The important elements of the meal are French, though the wines are, as is the Carter custome, American. With the seafood timbale, a Paul Masson pinot chardonnay, 1976, will be served. The veal will be accompanied by a Simi rose or cabernet sauvignon, 1976. For toasting, Hanns Kornell extra-dry champagne.
The menu was selected by the chef with Rosalynn Carter and White House social secretary Gretchen Poston. "No rare beef," Haller said, because he didn't think "the Chinese would like that, and well-done beef the Americans wouldn't like. No duck because they have their own Peking duck. Seafood because the Chinese like seafood, and chestnut mousse because the Chinese like nuts."
According to Poston, "the State Department sends over dietary guidelines for every visit, but there were no food restrictions on this one. As a matter of fact, anything we asked, the Chinese would say would be wonderful. They were so anxious to please. They have been so cooperative."
While the chefs put the finishing touches on the dinner today, members of several Georgia garden clubs will be arranging the pink and red camellias. The last time Georgia garden clubbers were in the White House they were decorating it for Jimmy Carter's inauguration. The last time the camellias were there was a year ago when the 75-year-old mayor of Moultrie called and asker Mrs. Carter if she would like some. The mayor drove then up in the back of his Winnebago. He's doing the same thing this year -- with a Moultrie policeman as escort.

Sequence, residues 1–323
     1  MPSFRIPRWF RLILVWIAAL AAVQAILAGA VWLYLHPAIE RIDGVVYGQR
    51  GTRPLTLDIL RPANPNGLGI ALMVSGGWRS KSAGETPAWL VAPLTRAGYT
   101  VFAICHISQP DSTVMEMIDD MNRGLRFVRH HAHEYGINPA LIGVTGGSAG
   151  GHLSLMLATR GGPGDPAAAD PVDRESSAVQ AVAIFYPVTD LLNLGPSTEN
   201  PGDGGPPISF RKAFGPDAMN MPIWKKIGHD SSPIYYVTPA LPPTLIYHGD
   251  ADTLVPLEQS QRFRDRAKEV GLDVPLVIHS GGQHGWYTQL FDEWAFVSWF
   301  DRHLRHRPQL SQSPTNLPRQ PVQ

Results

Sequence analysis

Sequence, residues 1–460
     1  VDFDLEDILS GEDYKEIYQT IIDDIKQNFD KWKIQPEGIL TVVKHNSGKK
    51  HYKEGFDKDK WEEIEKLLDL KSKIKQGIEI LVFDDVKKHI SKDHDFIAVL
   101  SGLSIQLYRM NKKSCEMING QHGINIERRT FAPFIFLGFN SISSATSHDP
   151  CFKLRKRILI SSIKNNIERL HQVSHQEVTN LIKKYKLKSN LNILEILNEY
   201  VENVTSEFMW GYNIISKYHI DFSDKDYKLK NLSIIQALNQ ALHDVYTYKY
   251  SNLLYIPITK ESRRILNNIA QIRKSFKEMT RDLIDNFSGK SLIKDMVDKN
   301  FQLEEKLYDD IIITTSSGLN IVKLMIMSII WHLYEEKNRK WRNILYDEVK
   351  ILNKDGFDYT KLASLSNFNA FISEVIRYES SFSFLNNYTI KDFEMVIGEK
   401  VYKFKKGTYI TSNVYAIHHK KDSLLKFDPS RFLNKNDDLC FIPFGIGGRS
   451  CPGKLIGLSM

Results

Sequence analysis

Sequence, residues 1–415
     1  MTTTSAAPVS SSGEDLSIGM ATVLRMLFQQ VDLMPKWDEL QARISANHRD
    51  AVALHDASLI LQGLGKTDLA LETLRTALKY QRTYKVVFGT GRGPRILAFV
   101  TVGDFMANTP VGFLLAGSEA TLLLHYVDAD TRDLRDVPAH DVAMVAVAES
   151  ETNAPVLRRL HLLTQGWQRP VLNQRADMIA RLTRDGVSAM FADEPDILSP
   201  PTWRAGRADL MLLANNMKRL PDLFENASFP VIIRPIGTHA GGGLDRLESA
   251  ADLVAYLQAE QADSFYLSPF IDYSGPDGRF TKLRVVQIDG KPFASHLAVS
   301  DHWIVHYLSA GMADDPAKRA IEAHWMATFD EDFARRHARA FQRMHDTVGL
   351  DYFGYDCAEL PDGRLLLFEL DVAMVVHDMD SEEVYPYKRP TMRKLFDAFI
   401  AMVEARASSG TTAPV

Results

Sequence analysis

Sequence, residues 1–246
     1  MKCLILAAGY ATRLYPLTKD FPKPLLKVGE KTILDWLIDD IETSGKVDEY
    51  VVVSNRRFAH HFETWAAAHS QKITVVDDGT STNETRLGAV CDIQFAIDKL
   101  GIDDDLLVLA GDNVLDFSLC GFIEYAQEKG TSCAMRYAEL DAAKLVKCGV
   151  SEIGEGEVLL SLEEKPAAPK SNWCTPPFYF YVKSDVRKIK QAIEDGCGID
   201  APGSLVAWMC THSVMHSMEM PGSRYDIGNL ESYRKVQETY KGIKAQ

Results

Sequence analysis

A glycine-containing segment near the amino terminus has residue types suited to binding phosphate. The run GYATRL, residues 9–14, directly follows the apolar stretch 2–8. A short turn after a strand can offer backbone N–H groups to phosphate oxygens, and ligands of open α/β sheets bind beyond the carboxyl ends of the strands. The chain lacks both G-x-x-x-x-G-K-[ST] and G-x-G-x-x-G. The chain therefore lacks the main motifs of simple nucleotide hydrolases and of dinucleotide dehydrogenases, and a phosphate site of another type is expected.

The camellias will be used througout the White House and as centerpieces for the round tables in the State Dining Room. The tables will be covered with floor-length white damask cloths. Poston prefers white -- "It's the most appropriate thing because it's formal." The flowers will be surrounded with votive candles. The guests will dine off the Truman green china and drink from West Virginia crystal.
Dress is black tie, even though the Chinese don't own tuxedos. "They wanted us to do whatever we do for other state dinners," Poston said, "and our state dinners are black tie."
In order to be at the Kennedy Center for the entertainment at 9 p.m., dinner has been set for 6:30. The 140 guests will begin to assemble in the East Room about 6:15 where they will sip B. V. pinot chardonnay, Robert Mondavi white wine and fruit juices -- the standard refreshments in the Carter White House. The receiving line begins at 7; guests will sit down to dinner at 7:20. In order to get through the four-course meal in an hour and 20 minutes, extra butlers have been hired.
While the presidential party travels in a motorcade, the ramaining guests will be bused from the South Entrance to the Kennedy Center. Even the buses will be decorated for the short trip across town: green roping with American and Chinese flags.
The historic visit shares a similarity to the first White House visit of a Chinese official. In 1878, President Rutherford B. Hayes greeted a Chinese minister in the Blue Room. While there is no record of what the visiting dignitary was served, Mrs. Rutherford B. Hayes was known as "Lemonade Luch."
Like the Chinese minister just over 100 years ago, the visiting Chinese will find no hard liquor in the house, either.